How to Transform Your Smile With Cosmetic Dentistry

Brushing and Flossing

Just like natural teeth, dental implants require regular brushing and flossing to prevent plaque buildup and bacterial infections. It is recommended to brush your implants twice a day with a soft-bristled brush and fluoride toothpaste. Be careful not to use hard-bristled or abrasive toothbrushes that can damage the implant or cause scratches on the denture. Flossing is also a crucial part of implant care as it helps remove food particles and plaque that can lead to gum disease or even implant failure. If you find it difficult to floss around the implant, you can use interdental brushes or water flossers to clean between the teeth.

Avoid Certain Foods and Drinks

While dental implants are strong and durable, they still require special care to avoid damage or contamination. You should avoid hard and sticky foods that can dislodge or break the implant, such as hard candy, popcorn, and caramel. You should also limit your intake of sugary and acidic foods and drinks that can cause tooth decay, such as soda, coffee, and citrus fruits. Drinking plenty of water can help maintain a healthy pH balance in your mouth and prevent dry mouth, which can lead to bad breath and other dental problems.

Regular Check-ups

Even if your dental implants feel comfortable and look great, it is still important to schedule regular check-ups with your dentist at College Hill Dental Group. Routine exams and cleanings can help detect any potential issues early on and prevent them from becoming serious problems down the line. Your dentist at College Hill Dental Group can also ensure that your implant is properly aligned and that the surrounding gums and bones are healthy.

Quit Smoking

If you are a smoker, it’s crucial to quit smoking to avoid implant failure and other health complications. Smoking can delay the healing process after implant surgery and increase the risk of infection and gum disease. It can also decrease bone density, which can lead to implant loosening or failure. Talk to your dentist at College Hill Dental Group to find resources and support to quit smoking.

Use a Nightguard

If you grind your teeth at night, it’s important to use a nightguard to protect your dental implants from damage. Grinding can put a lot of pressure on the implant and cause it to become dislodged or even fracture. A nightguard can also protect your natural teeth and prevent jaw pain and headaches.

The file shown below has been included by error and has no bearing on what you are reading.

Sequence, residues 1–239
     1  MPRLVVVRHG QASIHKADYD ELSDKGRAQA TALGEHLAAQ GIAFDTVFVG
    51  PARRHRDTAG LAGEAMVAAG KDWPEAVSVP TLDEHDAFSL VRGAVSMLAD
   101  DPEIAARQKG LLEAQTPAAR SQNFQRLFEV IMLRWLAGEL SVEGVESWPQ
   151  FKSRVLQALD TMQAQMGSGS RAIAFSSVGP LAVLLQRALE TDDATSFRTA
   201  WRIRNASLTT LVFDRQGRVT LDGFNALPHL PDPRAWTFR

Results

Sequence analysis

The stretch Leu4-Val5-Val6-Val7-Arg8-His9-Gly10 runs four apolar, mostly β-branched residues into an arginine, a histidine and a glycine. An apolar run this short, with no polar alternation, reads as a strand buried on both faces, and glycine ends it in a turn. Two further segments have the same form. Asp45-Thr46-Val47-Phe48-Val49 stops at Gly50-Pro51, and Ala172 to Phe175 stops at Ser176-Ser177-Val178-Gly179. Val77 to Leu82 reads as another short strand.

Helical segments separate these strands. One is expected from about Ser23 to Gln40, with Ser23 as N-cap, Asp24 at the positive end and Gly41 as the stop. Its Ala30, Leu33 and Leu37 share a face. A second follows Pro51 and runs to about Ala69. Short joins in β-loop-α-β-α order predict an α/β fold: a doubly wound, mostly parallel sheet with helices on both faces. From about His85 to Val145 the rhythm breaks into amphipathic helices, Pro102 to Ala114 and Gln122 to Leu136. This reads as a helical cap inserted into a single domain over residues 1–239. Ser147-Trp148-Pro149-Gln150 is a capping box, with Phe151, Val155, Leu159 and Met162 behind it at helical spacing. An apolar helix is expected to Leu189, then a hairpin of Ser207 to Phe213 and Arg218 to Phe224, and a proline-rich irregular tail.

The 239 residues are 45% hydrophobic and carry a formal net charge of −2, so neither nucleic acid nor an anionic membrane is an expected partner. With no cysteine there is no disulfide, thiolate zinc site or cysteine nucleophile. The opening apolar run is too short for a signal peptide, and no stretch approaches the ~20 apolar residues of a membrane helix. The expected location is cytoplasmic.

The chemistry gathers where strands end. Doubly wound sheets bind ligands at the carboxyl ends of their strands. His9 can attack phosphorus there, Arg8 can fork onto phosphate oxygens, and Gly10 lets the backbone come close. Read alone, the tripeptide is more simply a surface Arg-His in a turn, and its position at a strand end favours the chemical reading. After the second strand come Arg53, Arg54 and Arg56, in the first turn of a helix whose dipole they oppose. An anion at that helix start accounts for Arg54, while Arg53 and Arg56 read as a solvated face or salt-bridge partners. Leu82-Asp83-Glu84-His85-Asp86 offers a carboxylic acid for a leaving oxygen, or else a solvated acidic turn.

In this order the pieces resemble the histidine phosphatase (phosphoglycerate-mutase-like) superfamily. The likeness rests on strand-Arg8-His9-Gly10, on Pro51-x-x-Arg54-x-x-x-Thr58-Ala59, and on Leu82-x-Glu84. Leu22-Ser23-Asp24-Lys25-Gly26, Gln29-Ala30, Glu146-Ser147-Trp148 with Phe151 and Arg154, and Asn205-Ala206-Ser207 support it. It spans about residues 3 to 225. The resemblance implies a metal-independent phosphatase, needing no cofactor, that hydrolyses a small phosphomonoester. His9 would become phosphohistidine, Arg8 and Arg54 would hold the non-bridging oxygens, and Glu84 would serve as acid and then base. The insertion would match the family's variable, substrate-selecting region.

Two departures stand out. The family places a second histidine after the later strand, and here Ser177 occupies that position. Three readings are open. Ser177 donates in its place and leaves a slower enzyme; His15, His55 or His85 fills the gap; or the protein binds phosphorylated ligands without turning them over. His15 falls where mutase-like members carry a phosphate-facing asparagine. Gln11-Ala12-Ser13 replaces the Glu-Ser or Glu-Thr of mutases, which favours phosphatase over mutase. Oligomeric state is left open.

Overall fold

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Dental implants are a great investment in your oral health and appearance. By following these tips and tricks, you can keep your dental implants healthy and strong for many years to come. Remember to brush and floss regularly, avoid certain foods and drinks, schedule regular check-ups, quit smoking, and use a nightguard if necessary. If you have any concerns or questions about your dental implant care, don’t hesitate to reach out to your dental provider for guidance and support. At College Hill Dental Group, we are committed to helping our patients achieve optimal oral health and beautiful smiles through personalized care and education.

The Effects of Aging on Gum Health

The Effects of Aging on Gum Health

The Effects of Aging on Gum Health

The Effects of Aging on Gum Health

Aging is a natural process that we all go through, and it comes with various changes in our bodies and health. One area that tends to get overlooked when it comes to aging is oral health, specifically gum health. Gum health is an essential aspect of our overall oral health, and as we age, our gums become more vulnerable to infections and diseases.

The Effects of Aging on Gum Health

Gum Recession

One of the most noticeable effects of aging on gum health is gum recession. As we age, our gums tend to recede, exposing the root of the teeth. Gum recession can lead to tooth sensitivity and increase the risk of tooth decay and gum disease. It is essential to maintain a good oral hygiene routine and visit your dentist at College Hill Dental regularly to detect any signs of gum recession early.

Gum Disease

Gum disease is a prevalent condition that can affect people of all ages, but it becomes more prevalent as we age. Gum disease is caused by bacteria that accumulate in the mouth, leading to inflammation and damage to the gums.

Medications